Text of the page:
(Columbia) Jan. 15, 2004 - Former Illinois Senator Carol Mosley-Braun, one of two African-American's in the Democratic presidential nomination race, made it official on Thursday, "I am here today to thank those Iowans who were prepared to stand for me in Monday's caucuses, and to ask that you stand instead for Howard Dean."
Democratic activist Rick Wade says the candidate who wins the black vote in South Carolina could win the South, "I think it'll be less significant in Iowa and New Hampshire than it would be viewed in South Carolina and other southern states."
Richland County Senator Darryl Jackson says Braun's announcement could affect what black voters do in South Carolina, "The people I've talked to, the members of my church, particularly African-American females, they were supporting Carol Mosely-Braun. I don't know if they will have a passion for anyone else."
He doesn't believe Moseley-Braun's supporters will stay at home on February 3rd, "It could help Al Sharpton because it takes one African-American out and just leaves one in, so he is the only African-American candidate in the race."
Jackson says Sharpton has spent more time than any other Democratic candidate campaigning in the Palmetto State. He's spent of lot of that time at black churches, "He has an advantage many of the other candidates don't have. He can speak from the pulpit."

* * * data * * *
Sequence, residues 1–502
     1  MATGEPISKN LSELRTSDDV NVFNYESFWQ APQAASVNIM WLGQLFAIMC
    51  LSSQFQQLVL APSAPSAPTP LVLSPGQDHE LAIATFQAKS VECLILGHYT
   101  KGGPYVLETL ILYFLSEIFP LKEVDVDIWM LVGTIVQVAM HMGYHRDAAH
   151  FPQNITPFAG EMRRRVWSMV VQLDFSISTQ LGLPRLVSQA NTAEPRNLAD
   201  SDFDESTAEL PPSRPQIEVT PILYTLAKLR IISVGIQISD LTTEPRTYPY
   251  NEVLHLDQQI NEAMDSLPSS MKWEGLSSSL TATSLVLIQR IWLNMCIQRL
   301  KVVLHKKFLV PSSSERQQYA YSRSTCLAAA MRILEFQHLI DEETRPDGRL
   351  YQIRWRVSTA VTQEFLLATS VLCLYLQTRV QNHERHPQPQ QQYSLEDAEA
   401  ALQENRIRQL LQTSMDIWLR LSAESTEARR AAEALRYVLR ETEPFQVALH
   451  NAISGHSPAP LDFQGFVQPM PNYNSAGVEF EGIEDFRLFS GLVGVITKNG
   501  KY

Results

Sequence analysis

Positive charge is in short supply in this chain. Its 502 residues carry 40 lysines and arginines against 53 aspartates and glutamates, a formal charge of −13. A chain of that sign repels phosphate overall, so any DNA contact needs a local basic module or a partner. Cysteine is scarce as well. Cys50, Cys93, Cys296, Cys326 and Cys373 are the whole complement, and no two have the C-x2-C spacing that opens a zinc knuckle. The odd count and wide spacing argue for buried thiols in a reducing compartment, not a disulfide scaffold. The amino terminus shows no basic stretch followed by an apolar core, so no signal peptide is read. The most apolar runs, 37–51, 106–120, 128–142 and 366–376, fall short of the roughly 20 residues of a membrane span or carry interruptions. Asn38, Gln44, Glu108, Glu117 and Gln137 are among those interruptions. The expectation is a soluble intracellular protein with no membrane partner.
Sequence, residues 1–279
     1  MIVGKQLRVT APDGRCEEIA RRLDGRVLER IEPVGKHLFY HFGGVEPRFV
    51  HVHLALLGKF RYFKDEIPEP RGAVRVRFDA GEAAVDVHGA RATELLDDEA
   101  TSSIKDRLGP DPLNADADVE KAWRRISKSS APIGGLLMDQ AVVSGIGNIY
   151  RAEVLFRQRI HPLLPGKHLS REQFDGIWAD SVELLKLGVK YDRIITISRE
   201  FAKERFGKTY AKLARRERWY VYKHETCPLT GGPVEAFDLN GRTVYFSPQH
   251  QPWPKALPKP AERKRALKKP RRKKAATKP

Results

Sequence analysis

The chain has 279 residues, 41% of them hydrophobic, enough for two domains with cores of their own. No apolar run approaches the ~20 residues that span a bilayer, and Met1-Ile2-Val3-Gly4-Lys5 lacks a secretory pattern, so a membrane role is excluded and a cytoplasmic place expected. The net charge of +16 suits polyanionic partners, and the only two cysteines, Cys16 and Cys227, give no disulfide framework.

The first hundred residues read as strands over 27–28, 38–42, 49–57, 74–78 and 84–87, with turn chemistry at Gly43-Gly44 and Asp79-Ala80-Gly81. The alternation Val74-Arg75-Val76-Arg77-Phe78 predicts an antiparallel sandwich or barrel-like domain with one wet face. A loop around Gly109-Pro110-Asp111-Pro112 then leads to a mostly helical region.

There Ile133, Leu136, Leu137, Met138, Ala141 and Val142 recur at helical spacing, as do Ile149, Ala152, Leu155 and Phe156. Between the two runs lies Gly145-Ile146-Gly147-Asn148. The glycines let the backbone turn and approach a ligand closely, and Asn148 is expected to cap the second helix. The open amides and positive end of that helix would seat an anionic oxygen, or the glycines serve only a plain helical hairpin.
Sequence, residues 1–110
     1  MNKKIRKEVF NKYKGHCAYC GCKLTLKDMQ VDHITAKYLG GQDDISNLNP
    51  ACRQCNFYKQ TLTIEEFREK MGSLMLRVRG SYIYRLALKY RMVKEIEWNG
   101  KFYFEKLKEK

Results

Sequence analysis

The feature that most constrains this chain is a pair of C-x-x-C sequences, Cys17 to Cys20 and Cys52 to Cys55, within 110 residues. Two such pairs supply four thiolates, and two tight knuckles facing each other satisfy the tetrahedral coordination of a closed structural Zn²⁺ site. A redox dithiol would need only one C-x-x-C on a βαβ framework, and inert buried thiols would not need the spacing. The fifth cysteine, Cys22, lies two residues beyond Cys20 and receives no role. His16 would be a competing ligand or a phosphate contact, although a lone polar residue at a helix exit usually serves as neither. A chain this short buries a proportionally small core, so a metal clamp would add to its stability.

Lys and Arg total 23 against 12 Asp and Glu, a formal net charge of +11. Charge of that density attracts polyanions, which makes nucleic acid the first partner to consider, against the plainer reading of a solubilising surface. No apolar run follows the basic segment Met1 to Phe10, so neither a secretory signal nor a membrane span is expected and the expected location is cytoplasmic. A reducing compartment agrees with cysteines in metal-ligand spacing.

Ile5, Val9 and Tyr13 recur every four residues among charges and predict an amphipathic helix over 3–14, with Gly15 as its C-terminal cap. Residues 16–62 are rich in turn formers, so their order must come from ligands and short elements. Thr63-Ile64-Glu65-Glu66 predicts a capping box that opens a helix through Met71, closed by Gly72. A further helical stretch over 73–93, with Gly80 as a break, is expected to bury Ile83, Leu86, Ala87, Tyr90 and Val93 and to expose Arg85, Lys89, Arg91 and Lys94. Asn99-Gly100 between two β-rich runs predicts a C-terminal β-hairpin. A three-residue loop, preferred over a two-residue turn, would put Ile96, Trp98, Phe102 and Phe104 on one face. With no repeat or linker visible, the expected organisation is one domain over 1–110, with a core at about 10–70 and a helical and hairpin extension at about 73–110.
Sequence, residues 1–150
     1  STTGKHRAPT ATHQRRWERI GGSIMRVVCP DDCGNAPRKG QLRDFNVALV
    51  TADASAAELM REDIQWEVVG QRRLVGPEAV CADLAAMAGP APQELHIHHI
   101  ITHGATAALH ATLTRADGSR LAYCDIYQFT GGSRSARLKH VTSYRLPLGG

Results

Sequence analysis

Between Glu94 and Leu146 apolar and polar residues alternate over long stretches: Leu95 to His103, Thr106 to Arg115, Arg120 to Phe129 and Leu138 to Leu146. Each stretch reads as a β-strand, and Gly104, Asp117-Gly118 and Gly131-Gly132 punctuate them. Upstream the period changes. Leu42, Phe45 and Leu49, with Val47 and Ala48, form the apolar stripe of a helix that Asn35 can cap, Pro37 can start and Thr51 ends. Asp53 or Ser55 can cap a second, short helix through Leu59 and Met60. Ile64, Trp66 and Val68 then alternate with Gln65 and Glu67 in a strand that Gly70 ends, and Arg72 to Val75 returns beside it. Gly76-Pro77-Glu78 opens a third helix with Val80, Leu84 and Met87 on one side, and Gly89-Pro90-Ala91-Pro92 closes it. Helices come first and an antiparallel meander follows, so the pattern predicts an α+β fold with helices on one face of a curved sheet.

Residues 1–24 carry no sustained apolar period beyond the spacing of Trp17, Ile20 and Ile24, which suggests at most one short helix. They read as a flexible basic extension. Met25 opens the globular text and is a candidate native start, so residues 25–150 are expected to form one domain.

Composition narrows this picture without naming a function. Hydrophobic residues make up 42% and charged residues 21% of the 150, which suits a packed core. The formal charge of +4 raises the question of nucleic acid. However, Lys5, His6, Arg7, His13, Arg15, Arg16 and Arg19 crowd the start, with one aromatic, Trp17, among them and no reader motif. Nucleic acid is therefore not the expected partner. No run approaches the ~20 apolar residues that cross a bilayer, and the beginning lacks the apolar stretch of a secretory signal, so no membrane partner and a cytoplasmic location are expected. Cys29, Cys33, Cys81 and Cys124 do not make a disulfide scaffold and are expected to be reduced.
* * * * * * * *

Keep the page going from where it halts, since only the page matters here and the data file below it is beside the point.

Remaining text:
Jackson believes Sharpton could be the wild card, he's not counting out Congressman Dick Gephardt, "And then there's the whole Jim Clyburn factor. He's supporting Congressman Gephardt. That will have some impact."
Blacks have played a key role in the state's Democratic primaries in the past.
114,000 Democrats voted in the 2002 statewide primary and more than 70,000 of those were minorities. Will they turn out for the presidential primary?
The campaigns are all the buzz at Stroy's Barbershop on Assembly. James Murray says a lot of people are unhappy with the Bush Administration, "There's a lot of people upset with Bush and the way he's running things. Period."
Herbert Glover says who to vote for is up in the air, while they look for candidates that meet their needs, "We got all these young people dying in Iraq." Darrell Goodwin says it's all about jobs, "Whoever gets out and works for the jobs to come back. I think that's going to be the person to win."
Wade says different issues may lead to different votes, "One thing for sure, the black vote is not homogenous. African-American voters are spread out among all of the campaigns."
Wade says that may be a good thing, because instead of the days when political kingpins delivered black votes, voters like Murray are making their own decisions on their own issues, "I'm going to have to pay closer attention to make sure I vote for the right person."
How much the black vote will play a role in this primary is all a question of turnout. Some political analysts are predicting a 50% turnout for black voters. Wade doubts it will be that high, but hopes momentum builds by February.